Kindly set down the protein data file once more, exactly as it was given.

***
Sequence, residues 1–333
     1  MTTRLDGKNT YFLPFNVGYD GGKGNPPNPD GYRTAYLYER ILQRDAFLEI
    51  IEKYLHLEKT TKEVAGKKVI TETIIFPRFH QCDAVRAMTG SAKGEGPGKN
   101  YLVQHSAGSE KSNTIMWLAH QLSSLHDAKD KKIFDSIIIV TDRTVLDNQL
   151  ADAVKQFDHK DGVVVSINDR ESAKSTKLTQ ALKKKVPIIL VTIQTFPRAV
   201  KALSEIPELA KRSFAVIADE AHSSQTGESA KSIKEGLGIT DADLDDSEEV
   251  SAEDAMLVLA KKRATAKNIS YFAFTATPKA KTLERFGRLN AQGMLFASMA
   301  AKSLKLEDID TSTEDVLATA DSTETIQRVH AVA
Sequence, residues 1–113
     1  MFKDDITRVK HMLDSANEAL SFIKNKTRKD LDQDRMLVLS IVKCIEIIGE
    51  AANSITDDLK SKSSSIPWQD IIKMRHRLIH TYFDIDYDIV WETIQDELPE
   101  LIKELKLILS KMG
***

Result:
Sequence, residues 1–333
     1  MTTRLDGKNT YFLPFNVGYD GGKGNPPNPD GYRTAYLYER ILQRDAFLEI
    51  IEKYLHLEKT TKEVAGKKVI TETIIFPRFH QCDAVRAMTG SAKGEGPGKN
   101  YLVQHSAGSE KSNTIMWLAH QLSSLHDAKD KKIFDSIIIV TDRTVLDNQL
   151  ADAVKQFDHK DGVVVSINDR ESAKSTKLTQ ALKKKVPIIL VTIQTFPRAV
   201  KALSEIPELA KRSFAVIADE AHSSQTGESA KSIKEGLGIT DADLDDSEEV
   251  SAEDAMLVLA KKRATAKNIS YFAFTATPKA KTLERFGRLN AQGMLFASMA
   301  AKSLKLEDID TSTEDVLATA DSTETIQRVH AVA
Sequence, residues 1–113
     1  MFKDDITRVK HMLDSANEAL SFIKNKTRKD LDQDRMLVLS IVKCIEIIGE
    51  AANSITDDLK SKSSSIPWQD IIKMRHRLIH TYFDIDYDIV WETIQDELPE
   101  LIKELKLILS KMG